While searching through old posts at Against Politics, one of my common haunts, I came across an interview featuring Jan Narveson, professor of philosophy emeritus at the University of Waterloo. Dr. Narveson, whose work I encountered via the work of Robert Nozick and David Gauthier, is an anarcho-capitalist and the author of the influential The Libertarian Idea. Among other things, Dr. Narveson addresses in the interview why natural rights should be rejected and offers his list of the most influential texts in libertarian political philosophy. Here is the link to the interview, a significant portion of which I excerpt here:
The contractarian and utilitarian approaches to libertarianism are often confused. What are the differences between these two views?
Contractarian is not the same as utilitarian, and does not give similar results. The Utilitarian, as in Bentham and Mill, holds that (1) everyone’s utility is cardinally measurable, in principle, and (2) for social and moral purposes, we should count an equal amount of anyone’s utility as equal to anyone else’s, intrinsically.
Utilitarianism is, actually, equivalent to another natural rights perspective—that’s why I stopped being a utilitarian.
Why have you abandoned utilitarianism?
A first essential point to see here is that individuals do not normally regard other people’s utility as having equal weight to their own (to put it mildly!). The significance of this point is what, I think, escaped me when I was first an enthusiastic utilitarian.
Of course, even to say that people aren’t like that is to assume that interpersonal comparisons of utility are possible and meaningful, and many have severe doubts about this (and for quite good reason). But the point is that even if it is possible, people aren’t like that. If Jones responds to his perception of Smith’s utility, say out of sympathy, then Jones has a special utility function in relation to Smith – for example, he, Jones, feels bad, upon perceiving that Smith feels bad, and so on.
If Albert thinks he’s a utilitarian (like Peter Singer, say) and tries to respond to his perception of everyone’s utility along the lines prescribed by the classical utilitarian principle (which calls for the maximization of aggregated cardinal interpersonally comparable utility), then he’s a very unusual person. For the rest of us, we will respond to others only as a function of our perception of how they actually or potentially affect ourselves. The modifications of our behavior that we might make as a result will be rational to make, and will probably be made, only on a basis of mutuality: you scratch my back, I scratch yours; you refrain from violence to me, I refrain from it to you. But the idea that I will do as much to advance your interests as I would if they were actually mine is absurd, and that is what classical utilitarianism seems to call for.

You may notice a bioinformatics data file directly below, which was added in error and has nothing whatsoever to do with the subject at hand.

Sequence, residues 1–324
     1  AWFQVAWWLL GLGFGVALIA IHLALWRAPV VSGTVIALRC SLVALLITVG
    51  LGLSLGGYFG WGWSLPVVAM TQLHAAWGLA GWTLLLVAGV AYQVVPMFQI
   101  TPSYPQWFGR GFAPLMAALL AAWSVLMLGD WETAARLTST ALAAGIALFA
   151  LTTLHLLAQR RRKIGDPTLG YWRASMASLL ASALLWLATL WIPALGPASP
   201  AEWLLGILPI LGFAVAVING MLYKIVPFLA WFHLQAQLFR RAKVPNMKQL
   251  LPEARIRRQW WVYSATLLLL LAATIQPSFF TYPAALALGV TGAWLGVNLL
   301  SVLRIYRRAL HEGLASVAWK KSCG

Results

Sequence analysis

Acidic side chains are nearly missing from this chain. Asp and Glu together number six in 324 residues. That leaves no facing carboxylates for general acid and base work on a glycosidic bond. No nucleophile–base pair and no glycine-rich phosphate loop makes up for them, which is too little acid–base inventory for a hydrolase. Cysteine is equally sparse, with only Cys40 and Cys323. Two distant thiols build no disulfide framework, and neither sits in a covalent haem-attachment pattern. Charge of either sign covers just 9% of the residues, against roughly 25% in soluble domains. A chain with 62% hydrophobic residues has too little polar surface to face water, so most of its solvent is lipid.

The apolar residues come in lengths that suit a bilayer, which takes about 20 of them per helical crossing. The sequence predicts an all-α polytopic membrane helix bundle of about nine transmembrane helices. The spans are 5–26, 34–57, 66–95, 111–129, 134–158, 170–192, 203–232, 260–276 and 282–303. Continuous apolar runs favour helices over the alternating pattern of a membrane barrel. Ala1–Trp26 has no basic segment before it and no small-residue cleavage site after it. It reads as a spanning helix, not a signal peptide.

Now, in order to hold that people have a right to have their utility evaluated by all others at cardinal-par, one would have to take it that there was some reason for this other than one’s own utility, since the two are obviously not identical. But any basis for action for individual X that doesn’t suspend, in the end, from X’s own utility qualifies as intuitionistic or “natural rights” in the sense in which many people use the latter term. It also thereby qualifies the theory for rejection, I now think.
A last question: Could you indicate 10 books (not more) that are fundamental to understanding libertarian ideas, and that could perhaps persuade young people to adopt a libertarian viewpoint?
Besides Nozick and (of course!) my book, I think of these:
- David Friedman, The Machinery of Freedom.
- Charles Murray’s little book, What is Means to be a Libertarian is wonderful, and very readable.
- Murray Rothbard’s The Ethics of Liberty.
- Ludwig von Mises’ Liberalism.
- David Gauthier, Morals by Agreement. David still thinks he is not a libertarian, though I think he should be! But it’s a great book about fundamental moral theory.
- Anthony de Jasay’s recent book, Social Contract, Free Ride, is slightly technical, but really excellent. Also the same author’s Choice, Contract, and Consent.
- David Schmidtz, The Limits of Government.
- On the practical side, James L. Payne, Overcoming Welfare (Basic Books, 1998)
- On the theoretical side: David Ramsay Steele, From Marx to Mises—which will cure any thoughtful person willing to spend the effort of any tendency to think there is anything at all to Marxist or more generally socialist theory.
- Randey Barnett, The Structure of Liberty.